Helpful German Phrases: Getting Started


You’ve packed your bags, said your goodbyes at home, and used the flight over for some sleep or some contemplation on how life will be in your new home. You might have questions begging to be asked…maybe even answered. Will Germany ever feel like home? Will it be different? Will anything be the same? Will I hate it? I definitely hope not; I hope you love it!

So, your plane has just landed, grabbed your luggage and you’ve made it through customs. You’re officially in Germany! Whoo-hoo!!

As you start soaking in your new surroundings. You notice things look and sound different. You can’t understand a word and you still have to find your ride. Many may be excited, while others are wondering just what they’ve got themselves into. Hopefully you’re excited, maybe a bit apprehensive, somewhat rested, and I hope (for your sake…and your families. …possibly for those around you too) that you’re not too stressed out. I know I was excited and apprehensive…then got really nervous because we couldn’t find the USO to find our ride to Spangdahlem. Everyone was going to Ramstein, and well…we weren’t.

I find, people in Germany are usually very helpful. A lot even speak at least some English, especially at the airport or near a military base. It’s polite to know a few words though. AND it may even help ease the transition. It WILL at least show people that you’re trying. Germans are even more willing to help when you show them you’re trying to learn their language. Here are a few words and phrases I found helpful the first time I arrived in Germany.


Hallo / Tag
hah-loh / tahk

Good morning
Guten Morgen
goot-en mor-gen

Good day
Guten Tag
goot-en tahk

Good evening
Guten Abend
goot-en ah-bent

Good night
Gute Nacht
goot-eh nakht

Good bye
Auf Wiedersehen
owf vee-dair-zayn

Tschau / Tschüs
chow / tchews

Do you speak English? Hands down, the most useful phrase in any language, I think.
Sprichst du Englisch?
shprikhst doo eng-lish

I (don’t) speak German.
Ich spreche (kein) Deutsch.
ikh shpreck-uh (kine) doytch

I (don’t) understand.
Ich verstehe (nicht).
ikh fehr-shtay-eh (nikht).

Slowly please.
Langsam, bitte.
long-zahm, bih-tuh




Thank you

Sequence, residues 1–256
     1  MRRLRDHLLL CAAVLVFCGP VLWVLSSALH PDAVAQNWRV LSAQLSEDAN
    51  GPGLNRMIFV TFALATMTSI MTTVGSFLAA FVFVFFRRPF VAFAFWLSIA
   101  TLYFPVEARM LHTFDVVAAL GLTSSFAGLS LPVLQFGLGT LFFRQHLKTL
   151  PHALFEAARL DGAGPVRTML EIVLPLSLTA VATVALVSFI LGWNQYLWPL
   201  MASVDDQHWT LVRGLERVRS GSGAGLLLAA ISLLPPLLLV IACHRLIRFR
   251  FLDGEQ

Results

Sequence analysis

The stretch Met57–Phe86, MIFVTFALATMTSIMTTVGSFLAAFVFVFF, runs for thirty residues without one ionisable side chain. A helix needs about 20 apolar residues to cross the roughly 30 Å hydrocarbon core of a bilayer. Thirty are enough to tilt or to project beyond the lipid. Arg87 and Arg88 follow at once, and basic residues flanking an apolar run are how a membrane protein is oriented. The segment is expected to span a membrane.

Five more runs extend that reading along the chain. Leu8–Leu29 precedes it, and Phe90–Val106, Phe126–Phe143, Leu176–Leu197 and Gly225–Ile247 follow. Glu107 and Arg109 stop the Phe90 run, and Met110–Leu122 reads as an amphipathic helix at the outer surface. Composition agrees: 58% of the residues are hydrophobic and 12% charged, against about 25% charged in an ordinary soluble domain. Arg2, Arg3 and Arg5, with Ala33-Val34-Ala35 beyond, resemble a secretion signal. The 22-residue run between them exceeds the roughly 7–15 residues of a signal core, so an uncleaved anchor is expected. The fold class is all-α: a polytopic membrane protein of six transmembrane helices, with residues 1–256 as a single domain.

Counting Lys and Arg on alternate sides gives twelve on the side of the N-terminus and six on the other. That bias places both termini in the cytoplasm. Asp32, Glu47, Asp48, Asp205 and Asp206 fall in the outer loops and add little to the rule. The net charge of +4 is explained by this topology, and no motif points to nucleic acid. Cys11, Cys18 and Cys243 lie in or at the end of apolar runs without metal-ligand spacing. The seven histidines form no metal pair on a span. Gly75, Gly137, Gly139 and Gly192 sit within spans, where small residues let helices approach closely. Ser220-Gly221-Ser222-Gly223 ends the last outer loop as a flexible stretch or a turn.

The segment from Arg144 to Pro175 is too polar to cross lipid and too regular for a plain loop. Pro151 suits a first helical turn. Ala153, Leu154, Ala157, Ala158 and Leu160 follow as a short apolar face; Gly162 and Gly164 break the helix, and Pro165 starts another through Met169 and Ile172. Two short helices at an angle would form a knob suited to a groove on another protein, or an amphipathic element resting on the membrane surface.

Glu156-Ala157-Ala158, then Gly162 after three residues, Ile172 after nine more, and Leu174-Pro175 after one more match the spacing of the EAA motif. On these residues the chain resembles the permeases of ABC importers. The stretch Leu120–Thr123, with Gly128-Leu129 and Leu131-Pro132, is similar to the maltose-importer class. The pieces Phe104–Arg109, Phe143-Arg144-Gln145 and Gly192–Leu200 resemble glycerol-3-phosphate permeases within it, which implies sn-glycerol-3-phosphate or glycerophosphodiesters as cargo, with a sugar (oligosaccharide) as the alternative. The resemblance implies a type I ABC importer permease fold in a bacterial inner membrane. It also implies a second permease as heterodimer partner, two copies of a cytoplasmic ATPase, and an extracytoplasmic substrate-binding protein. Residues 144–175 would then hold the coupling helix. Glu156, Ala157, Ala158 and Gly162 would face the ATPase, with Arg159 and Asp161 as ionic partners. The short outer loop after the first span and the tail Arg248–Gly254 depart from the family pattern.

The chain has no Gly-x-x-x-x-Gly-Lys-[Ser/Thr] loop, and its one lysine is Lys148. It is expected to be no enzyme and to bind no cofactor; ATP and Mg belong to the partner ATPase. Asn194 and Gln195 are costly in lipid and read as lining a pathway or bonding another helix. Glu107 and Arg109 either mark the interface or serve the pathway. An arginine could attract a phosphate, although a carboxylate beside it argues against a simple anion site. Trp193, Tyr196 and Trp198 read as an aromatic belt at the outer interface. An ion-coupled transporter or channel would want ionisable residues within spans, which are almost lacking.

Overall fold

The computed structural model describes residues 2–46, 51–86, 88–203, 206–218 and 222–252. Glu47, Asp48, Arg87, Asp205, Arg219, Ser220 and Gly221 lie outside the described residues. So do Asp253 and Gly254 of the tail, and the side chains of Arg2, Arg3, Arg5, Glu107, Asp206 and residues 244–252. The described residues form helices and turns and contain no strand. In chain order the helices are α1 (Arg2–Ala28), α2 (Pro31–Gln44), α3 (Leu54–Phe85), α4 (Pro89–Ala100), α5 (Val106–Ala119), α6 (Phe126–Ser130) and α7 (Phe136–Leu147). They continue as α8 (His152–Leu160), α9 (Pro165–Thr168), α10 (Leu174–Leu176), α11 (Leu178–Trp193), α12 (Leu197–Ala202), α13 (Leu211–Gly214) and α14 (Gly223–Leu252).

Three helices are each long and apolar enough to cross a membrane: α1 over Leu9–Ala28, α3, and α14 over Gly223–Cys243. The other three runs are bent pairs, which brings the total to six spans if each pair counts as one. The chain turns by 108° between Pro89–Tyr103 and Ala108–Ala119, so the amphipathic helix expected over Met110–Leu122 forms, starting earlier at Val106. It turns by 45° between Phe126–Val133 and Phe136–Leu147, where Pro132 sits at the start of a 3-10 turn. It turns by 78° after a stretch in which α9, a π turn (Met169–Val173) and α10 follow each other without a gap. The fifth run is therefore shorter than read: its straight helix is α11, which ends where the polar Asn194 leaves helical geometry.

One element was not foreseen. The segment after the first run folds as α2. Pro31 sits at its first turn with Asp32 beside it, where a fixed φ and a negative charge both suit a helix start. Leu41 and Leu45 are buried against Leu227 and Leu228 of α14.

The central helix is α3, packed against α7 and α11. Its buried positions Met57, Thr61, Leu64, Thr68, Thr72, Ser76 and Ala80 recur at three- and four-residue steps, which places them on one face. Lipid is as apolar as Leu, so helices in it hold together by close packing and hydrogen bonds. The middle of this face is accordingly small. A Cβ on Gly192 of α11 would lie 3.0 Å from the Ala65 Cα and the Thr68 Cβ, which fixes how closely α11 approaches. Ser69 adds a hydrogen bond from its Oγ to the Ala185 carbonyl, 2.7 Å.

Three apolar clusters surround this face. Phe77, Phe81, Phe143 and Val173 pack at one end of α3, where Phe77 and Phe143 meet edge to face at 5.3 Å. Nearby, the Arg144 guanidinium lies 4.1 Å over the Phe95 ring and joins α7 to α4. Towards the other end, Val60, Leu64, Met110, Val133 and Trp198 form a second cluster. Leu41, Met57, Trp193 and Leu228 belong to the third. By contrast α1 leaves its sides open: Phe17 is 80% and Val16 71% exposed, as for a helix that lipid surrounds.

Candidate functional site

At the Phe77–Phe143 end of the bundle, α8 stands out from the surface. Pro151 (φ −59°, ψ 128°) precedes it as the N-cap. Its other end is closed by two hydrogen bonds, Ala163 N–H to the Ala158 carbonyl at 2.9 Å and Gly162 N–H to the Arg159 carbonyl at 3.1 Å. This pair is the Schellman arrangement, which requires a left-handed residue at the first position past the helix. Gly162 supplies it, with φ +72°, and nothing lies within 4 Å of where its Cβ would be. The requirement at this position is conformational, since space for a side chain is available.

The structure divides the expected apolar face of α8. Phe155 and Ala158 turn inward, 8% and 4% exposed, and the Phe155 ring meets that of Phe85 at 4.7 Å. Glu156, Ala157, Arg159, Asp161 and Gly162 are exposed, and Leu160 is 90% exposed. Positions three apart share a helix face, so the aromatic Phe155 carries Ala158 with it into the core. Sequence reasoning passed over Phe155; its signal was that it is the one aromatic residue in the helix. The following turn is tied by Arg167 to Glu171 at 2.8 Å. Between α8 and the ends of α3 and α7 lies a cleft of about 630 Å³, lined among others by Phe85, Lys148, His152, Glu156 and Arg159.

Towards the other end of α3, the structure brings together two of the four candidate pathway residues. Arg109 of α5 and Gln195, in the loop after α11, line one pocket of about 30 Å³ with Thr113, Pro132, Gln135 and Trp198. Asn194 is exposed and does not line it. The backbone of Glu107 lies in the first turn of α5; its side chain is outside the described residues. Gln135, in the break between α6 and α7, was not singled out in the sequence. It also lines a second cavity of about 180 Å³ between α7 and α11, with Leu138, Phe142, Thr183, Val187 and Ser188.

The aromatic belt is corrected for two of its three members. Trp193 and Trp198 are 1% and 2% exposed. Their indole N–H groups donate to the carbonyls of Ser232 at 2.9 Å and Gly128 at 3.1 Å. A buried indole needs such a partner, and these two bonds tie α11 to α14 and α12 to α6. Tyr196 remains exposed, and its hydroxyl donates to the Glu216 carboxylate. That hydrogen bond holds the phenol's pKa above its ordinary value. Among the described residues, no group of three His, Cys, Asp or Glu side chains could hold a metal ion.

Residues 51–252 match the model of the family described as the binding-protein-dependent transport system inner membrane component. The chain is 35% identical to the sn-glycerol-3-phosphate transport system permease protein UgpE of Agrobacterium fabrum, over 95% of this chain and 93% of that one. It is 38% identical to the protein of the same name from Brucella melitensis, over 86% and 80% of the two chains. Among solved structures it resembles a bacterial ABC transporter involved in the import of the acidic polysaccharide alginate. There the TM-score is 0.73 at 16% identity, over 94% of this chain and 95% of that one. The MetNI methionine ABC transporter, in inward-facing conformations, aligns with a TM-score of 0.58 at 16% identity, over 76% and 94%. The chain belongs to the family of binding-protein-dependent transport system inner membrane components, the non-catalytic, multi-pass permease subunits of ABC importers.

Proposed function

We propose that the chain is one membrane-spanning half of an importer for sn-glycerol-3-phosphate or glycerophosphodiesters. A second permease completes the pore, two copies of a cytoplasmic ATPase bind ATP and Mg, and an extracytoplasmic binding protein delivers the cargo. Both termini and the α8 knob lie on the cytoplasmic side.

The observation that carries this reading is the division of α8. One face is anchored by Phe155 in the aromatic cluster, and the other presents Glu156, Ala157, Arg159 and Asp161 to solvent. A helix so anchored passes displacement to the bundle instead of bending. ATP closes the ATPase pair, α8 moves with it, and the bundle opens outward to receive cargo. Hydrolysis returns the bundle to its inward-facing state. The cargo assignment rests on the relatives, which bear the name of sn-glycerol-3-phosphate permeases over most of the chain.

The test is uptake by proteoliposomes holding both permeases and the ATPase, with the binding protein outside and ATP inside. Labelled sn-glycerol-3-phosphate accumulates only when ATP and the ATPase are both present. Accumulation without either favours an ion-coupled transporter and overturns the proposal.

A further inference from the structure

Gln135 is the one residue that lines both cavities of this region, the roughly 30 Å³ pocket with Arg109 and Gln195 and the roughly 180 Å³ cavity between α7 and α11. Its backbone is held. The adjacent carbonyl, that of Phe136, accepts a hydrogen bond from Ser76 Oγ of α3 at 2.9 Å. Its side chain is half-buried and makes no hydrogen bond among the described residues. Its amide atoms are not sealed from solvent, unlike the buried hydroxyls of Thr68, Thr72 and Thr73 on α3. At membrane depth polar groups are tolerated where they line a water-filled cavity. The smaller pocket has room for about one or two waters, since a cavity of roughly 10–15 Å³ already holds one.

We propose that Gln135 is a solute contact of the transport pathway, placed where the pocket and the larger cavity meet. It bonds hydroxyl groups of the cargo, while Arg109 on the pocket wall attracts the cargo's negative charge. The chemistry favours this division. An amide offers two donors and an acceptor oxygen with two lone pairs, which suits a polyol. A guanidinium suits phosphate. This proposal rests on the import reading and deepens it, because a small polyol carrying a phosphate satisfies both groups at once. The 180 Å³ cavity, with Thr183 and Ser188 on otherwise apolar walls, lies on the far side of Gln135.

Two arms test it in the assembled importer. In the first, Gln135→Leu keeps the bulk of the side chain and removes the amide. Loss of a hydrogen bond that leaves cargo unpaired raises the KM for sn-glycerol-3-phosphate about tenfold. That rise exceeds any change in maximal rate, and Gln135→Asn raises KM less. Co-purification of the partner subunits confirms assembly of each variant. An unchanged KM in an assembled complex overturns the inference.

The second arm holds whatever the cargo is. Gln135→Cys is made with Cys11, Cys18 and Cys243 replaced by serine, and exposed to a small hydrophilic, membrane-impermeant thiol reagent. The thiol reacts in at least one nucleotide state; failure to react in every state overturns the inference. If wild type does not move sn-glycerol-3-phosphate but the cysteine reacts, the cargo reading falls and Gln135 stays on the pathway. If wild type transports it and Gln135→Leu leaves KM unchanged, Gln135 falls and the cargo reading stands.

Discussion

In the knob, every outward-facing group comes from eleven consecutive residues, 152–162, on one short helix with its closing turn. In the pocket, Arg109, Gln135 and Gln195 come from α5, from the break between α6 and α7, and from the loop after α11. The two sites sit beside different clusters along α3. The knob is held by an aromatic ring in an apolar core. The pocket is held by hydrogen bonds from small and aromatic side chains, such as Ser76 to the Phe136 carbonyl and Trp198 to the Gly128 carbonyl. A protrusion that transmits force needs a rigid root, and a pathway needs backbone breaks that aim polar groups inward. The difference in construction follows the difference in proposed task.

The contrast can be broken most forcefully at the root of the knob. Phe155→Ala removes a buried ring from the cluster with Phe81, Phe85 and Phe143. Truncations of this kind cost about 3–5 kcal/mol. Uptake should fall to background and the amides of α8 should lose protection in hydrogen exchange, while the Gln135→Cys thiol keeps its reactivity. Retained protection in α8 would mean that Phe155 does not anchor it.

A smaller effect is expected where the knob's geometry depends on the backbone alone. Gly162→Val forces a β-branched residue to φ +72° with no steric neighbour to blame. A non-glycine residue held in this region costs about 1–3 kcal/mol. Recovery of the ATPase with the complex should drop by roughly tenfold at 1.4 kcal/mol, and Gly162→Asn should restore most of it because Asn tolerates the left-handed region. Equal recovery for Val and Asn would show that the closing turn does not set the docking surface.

Danke (schön / sehr)
dahn-kuh (shurn / zair)

You’re welcome
Bitte schön
bih-tuh shurn

Excuse me

I’m sorry
Es tut mir Leid
ehs toot meer lite

My name is…
Ich heise …
ikh hie-ssuh

What is it?
Was ist das?
vahs ist dass

Where is the bathroom? / Where is the toilette? For when you gotta go…
Wo ist das WC? / Wo ist die Toilette?
Voh ist dass vay tsay/ Voh ist dee toy-let-tah

Where is/are…?
Wo ist / sind…?
voh ist / voh zint

How much?
Vee feel

I’d like…
Ich möchte / Ich hätte gern…
ikh merkh-tuh / ikh heh-tuh gairn

One beer, please! Because… Well, because you’re in Germany and beer is important. Just ask them!
Ein Bier, bitte!
ine beer, bit-tuh

gross (like the English gross)


Exit (Autobahn) Not the largest city in Germany!

Traffic jam

0 – null nool

1 – eins ines

2 – zwei tsvy

3 – drei dry

4 – vier feer

5 – funf fewnf

6 – sechs zecks

7 – sieben zee-bun

8 – acht ahkht

9 – neun noyn

10 – zehn tsayn

We asked information for directions. They were able to direct us to the USO where we found our ride. We ended up making it to Spangdahlem alright. By the time we got there it was nice to be out of a vehicle…any kind of vehicle. It was time for a nap! …and food. Maybe a beer or two. 😀

There are a lot more useful words and phrases. It’s really difficult to narrow it down to just a few. Be on the look out for more!

Tell us your thoughts!

Fill in your details below or click an icon to log in: Logo

You are commenting using your account. Log Out /  Change )

Google photo

You are commenting using your Google account. Log Out /  Change )

Twitter picture

You are commenting using your Twitter account. Log Out /  Change )

Facebook photo

You are commenting using your Facebook account. Log Out /  Change )

Connecting to %s